yeah, that's a mistake. 

Andrew Vorobyov
Hero Member
*****
Offline Offline

Activity: 565



View Profile
October 25, 2011, 07:17:19 AM
 #5

Ok then... just do it,guys... there is bounty from me for this to be done... https://bitcointalk.org/index.php?topic=48215.0

ByteCoin
Sr. Member
****
expert
Offline Offline

Activity: 416


View Profile
November 02, 2011, 11:22:24 PM
 #6

I thought I'd transplant Gavin's post to here, rather than derail the original thread.

Here is the timeline I've proposed in BIP 0012 :

Now until Jan 15, 2012 : miners update their software, start including CHECKMULTISIG and OP_EVAL transactions in blocks they mine, and indicate support by including the string "OP_EVAL" in the blocks they produce.

Jan 15, 2012: we assess support for the new feature by looking at the percentage of blocks that contain "OP_EVAL". If a majority of miners are not supporting it, then deployment will be delayed or cancelled (a setting in bitcoin.conf controls the switchover date, with the default being Feb 1, 2012).

Feb 1, 2012: assuming there was majority support on Jan 15, OP_EVAL is fully supported/validated.

Using your link for BIP 0012, I didn't see any reference to a timeline. Found it. It could be more prominent.
What's the timeline for enabling relaying of OP_EVAL transactions and for a client that can generate OP_EVAL transactions?
Also, when will clients be patched to start rejecting blocks with the OP_NOP1 interpretation of OP_EVAL?

I presume that, if all goes well, then on the 1st of Feb 2012, blocks containing OP_EVAL will suddenly be interpreted in the new stricter fashion than when it was OP_NOP1. We know that GetTime() seems to return widely disparate results over the bitcoin network. Are we confident that problems are not going to arise because of the pseudorandomly timed nature of the change of interpretation of the opcode?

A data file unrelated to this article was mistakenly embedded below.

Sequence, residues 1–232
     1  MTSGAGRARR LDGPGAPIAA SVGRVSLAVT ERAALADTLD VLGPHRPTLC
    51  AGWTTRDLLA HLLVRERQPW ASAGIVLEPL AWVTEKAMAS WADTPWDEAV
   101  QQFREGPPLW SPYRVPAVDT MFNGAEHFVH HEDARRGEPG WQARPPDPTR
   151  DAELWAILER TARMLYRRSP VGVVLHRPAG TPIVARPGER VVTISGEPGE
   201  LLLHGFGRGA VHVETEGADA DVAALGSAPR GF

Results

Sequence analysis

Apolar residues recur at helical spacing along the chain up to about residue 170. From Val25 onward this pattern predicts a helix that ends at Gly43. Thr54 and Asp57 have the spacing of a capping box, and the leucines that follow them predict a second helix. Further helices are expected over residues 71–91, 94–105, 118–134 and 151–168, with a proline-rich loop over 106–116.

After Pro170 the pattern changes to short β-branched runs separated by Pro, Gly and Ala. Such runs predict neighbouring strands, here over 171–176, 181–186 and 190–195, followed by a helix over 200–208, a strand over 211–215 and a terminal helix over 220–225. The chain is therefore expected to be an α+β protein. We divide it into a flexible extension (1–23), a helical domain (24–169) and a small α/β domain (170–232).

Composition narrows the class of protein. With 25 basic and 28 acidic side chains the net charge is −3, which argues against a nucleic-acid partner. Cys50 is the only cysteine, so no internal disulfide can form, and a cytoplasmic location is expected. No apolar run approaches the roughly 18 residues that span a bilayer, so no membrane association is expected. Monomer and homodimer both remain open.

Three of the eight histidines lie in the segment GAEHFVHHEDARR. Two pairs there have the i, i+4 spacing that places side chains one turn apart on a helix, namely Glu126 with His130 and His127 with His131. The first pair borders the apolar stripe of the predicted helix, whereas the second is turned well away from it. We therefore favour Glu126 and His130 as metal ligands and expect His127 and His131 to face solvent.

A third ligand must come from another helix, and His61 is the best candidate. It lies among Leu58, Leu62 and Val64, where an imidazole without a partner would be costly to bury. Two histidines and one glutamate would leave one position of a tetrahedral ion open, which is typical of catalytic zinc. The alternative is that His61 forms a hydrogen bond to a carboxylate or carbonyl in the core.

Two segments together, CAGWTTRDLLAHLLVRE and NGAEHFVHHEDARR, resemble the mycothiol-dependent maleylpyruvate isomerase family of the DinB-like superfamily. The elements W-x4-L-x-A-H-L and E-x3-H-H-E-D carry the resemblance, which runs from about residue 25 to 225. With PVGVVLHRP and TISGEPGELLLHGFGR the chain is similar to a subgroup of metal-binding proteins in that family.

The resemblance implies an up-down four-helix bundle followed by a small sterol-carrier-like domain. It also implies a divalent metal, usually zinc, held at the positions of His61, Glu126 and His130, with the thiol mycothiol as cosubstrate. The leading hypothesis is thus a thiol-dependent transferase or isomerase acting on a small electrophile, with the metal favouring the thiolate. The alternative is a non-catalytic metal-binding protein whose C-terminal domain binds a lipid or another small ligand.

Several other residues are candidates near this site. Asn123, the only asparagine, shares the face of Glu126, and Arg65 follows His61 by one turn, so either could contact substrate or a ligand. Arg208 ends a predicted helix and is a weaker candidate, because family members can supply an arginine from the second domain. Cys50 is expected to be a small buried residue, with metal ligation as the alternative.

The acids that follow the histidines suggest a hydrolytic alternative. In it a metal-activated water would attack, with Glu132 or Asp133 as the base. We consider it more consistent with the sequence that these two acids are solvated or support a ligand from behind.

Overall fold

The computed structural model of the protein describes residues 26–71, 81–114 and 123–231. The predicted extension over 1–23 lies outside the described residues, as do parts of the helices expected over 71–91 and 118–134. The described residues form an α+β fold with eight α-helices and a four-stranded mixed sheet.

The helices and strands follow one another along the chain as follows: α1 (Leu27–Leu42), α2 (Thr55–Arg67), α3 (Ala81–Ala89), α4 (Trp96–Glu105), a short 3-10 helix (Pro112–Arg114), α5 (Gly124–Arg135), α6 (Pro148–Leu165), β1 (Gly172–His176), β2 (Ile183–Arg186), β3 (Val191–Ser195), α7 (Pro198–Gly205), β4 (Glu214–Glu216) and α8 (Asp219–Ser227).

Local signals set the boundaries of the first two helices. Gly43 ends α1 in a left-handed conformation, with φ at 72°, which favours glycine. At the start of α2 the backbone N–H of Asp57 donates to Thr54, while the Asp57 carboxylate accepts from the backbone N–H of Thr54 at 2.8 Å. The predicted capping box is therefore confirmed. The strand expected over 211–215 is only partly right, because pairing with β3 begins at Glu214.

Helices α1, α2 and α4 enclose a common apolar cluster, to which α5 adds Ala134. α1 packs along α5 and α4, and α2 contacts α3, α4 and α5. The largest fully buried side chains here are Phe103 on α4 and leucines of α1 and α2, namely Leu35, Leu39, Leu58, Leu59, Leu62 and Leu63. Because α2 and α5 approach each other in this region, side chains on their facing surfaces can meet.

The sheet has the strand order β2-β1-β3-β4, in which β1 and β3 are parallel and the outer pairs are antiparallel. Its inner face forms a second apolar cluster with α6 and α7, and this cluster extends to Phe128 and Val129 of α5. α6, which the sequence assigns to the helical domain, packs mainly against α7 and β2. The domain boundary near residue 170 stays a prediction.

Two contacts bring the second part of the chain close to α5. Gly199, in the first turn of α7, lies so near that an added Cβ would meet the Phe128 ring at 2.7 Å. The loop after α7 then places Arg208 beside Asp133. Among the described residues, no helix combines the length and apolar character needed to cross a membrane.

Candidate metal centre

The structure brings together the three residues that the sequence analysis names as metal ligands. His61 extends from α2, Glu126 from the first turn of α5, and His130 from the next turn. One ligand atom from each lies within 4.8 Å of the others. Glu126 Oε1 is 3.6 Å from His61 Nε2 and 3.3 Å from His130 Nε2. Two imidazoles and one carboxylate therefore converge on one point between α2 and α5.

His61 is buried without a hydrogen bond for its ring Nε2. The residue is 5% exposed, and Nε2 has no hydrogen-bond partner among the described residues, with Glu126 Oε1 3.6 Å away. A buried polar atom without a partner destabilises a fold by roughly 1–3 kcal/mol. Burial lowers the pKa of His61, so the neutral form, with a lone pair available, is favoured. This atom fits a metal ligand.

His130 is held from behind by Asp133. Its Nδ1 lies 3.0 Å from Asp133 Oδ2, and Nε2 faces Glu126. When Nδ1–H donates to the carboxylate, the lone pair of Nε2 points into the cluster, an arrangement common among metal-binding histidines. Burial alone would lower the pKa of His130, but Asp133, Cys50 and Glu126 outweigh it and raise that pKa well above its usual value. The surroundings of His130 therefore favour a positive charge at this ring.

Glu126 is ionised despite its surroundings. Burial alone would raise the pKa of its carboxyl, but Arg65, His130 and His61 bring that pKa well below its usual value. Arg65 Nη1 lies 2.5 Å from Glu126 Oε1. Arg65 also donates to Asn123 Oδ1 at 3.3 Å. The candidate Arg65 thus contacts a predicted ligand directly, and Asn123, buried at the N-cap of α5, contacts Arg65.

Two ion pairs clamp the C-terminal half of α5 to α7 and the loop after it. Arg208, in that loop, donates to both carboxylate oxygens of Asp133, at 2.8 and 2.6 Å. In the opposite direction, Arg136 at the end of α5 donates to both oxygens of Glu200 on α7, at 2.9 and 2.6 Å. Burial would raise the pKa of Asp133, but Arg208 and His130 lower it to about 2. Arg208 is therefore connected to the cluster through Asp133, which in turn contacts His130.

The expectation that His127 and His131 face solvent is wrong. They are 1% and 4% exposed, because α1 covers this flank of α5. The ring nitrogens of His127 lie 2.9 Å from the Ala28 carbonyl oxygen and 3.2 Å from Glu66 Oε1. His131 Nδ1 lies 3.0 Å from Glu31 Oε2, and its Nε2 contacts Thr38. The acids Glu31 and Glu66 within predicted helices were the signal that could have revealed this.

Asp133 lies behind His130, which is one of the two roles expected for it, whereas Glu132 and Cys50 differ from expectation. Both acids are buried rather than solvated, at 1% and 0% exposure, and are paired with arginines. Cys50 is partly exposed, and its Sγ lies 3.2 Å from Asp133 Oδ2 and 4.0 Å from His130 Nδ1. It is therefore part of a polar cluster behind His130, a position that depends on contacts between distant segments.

This is why I suggested a magic transaction in a block to precipitate the changeover.

Majority hashpower support for OP_EVAL is required before changeover. It's conceivable that something might go wrong after OP_EVAL transactions are mainstream which might make miners revert to interpreting OP_EVAL as OP_NOP1. If OP_EVAL loses majority hashpower support then the bitcoin system keeps going but with considerable damage to reputation, prospects and some people's wallets.
Has there been any consideration of this possibility?
I suggest that OP_EVAL transactions be limited to "toy" amounts of bitcoins until enough of the installed base of clients would reject the OP_NOP1 interpretation of OP_EVAL.

ByteCoin
genjix
Legendary
*
expert
Offline Offline

Activity: 1232


View Profile
November 02, 2011, 11:29:35 PM
 #7

I propose 3 step phase plan:

step 1. Protocol specifics are definitively agreed upon. No going back after this step. Takes as long as it has too, but ideally 1 month.
step 2. Implementations are all synchronised and ready with branch/patches ready to accept the new changes. Testing needs to be done. 1 month.
step 3. A date is set for the switch-over. Packages are released and all merchants/users/vendors/miners are given a switch-over date before the change becomes live. Enough time needs to be give for everybody to change over. I propose 2 months.

After this and with enough testing, the OP_EVAL can be introduced into the GUI and such after a while. This puts the total timeframe at around under 6 months.
Gavin Andresen
Legendary
*
qt
Offline Offline

Activity: 1652


Chief Scientist


View Profile WWW
November 03, 2011, 02:36:52 PM
 #8

I thought I'd transplant Gavin's post to here, rather than derail the original thread.